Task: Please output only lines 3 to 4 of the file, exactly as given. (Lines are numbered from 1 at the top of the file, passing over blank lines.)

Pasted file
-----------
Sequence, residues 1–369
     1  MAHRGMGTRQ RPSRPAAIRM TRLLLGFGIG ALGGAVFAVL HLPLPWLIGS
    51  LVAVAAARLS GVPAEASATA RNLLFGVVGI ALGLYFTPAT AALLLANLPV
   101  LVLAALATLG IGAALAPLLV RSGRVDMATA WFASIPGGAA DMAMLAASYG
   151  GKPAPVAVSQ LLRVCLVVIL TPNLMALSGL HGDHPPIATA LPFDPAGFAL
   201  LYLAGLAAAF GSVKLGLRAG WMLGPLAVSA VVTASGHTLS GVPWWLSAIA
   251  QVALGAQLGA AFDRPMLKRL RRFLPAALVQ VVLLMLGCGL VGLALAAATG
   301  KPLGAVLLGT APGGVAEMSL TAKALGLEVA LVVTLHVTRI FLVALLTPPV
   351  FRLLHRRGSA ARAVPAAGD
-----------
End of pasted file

    51  LVAVAAARLS GVPAEASATA RNLLFGVVGI ALGLYFTPAT AALLLANLPV
   101  LVLAALATLG IGAALAPLLV RSGRVDMATA WFASIPGGAA DMAMLAASYG